Speaking in Tongues, Act I
Other Plays by Andrew Bovell
Bovell, Andrew (Australian playwright, 19__-____), “Speaking in Tongues,” Act I,
a __-minute drama in English, set simultaneously in similar motel rooms, Australia, 2001,
© 2001 by Andrew Bovell;
• in Andrew Bovell’s Speaking in Tongues, Act I (New York: The Author, 2001);
• script/rights available from Andrew Bovell, c/o The MoMA Gramercy Theatre, 127 East 23rd Street, Manhattan, New York City, New York, U.S.A.
• Reviewed by Bruce Weber; Weber says,
Leon (m), husband to Sonja; Pete (m), husband to Jane; Jane (f), wife to Pete; Sonja (f), wife to Leon.
“It is about two couples — Leon and Sonja, Pete and Jane — whose marriages are both suffering the strain of midlife ennui, and it begins with an obvious comic contrivance. On the same night, each of the four characters is out alone prowling for an adulterous encounter, and they inadvertently trade partners. As the play opens, Leon and Sonja have nervously retreated to one motel room, Pete and Jane to another, and the seductions are both in progress. The situations are so similar that they are speaking mostly the same dialogue, often in tandem, a purposeful, trenchant and amusing parallel that suddenly shifts when Leon and Jane go through with the infidelity and Pete and Sonja do not. The rest of the act is about the repercussions in each marriage, and it ends with two delicious monologues about events that occurred while the couples were separated. They’re narratives themselves, really, terrific stories with only suggestive meanings but unmistakable poignance. One, about a despondent man and a mysterious pair of brown shoes, is told by Leon to Sonja; the other, told by Jane to Pete, involves a missing woman, the ominous behavior of their neighbor and another shoe, a woman’s high heel. Together, they explain why one marriage will survive and the other won’t.”—Bruce Weber, “Theatre Review: With Smoke and Mirrors, Love of Sorts,” The New York Times, November 16, 2001, p. E8.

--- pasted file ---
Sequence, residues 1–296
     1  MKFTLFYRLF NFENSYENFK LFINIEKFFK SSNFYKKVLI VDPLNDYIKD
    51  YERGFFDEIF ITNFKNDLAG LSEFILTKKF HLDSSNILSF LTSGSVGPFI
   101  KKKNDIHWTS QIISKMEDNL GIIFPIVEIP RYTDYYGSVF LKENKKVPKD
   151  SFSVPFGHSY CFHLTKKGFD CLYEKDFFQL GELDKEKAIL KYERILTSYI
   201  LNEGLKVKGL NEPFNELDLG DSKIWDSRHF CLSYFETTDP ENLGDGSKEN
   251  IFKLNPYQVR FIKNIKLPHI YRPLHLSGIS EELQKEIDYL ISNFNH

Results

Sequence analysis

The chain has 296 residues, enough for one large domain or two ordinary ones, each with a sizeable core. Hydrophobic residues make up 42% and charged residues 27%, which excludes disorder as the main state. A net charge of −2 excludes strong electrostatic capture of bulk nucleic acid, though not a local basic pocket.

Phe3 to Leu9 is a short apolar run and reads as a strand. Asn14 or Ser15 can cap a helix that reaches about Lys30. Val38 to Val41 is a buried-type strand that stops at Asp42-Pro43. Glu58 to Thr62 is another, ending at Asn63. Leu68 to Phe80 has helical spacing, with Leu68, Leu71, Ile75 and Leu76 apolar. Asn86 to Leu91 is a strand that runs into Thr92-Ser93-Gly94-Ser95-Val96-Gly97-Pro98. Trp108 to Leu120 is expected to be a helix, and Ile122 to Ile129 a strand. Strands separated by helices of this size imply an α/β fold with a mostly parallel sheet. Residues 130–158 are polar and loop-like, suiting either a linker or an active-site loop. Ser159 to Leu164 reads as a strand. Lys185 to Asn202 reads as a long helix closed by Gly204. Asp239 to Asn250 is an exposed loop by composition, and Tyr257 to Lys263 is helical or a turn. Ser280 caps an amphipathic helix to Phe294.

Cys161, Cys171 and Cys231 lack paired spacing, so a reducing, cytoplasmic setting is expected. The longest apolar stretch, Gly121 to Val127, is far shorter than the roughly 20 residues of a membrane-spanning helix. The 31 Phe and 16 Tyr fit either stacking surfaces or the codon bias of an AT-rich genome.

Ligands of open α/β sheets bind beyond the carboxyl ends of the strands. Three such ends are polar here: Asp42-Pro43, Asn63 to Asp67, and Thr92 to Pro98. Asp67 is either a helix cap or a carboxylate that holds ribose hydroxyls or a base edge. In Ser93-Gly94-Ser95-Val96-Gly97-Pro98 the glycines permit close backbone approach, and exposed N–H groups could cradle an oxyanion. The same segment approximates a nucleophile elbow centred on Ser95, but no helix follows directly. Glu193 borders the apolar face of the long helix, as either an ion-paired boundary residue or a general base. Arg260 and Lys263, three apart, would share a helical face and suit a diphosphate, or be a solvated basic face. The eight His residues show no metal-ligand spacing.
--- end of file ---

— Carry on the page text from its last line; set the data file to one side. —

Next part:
• “The first act . . . is clever, provocative, elliptically resonant and writerly. It is also complete enough in itself and distinct enough from the second act, which is merely clever (and not clever enough), that anyone who leaves at intermission should be satisfied. . . . One question you’re left with is where the play has left to go. And where it goes is, more or less, to another play . . . .
• By Andrew Bovell; directed by Mark Clements; sets by Richard Hoover; costumes by Jess Goldstein; lighting by Brian MacDevitt; original music and sound by Scott Myers; projection design by Elaine J. McCarthy; production stage manager, Jay Adler; technical supervisor, Steve Beers; associate artistic director, Scott Ellis; director of artistic development, Jim Carnahan; general management, Jason P. McLaughlin and Catharine Guiher. Presented by the Roundabout Theater Company, Todd Haimes, artistic director; Ellen Richard, managing director; Julia C. Levy, executive director, external affairs. At the Gramercy Theater, 127 East 23rd Street, Manhattan. WITH: Karen Allen (Jane and Valerie), Kevin Anderson (Leon and Nick), Margaret Colin (Sonja and Sarah) and Michel R. Gill (Pete, Neil and John).”—Weber, p. E8.
adultery, marriage, midlife ennui, motel, survival.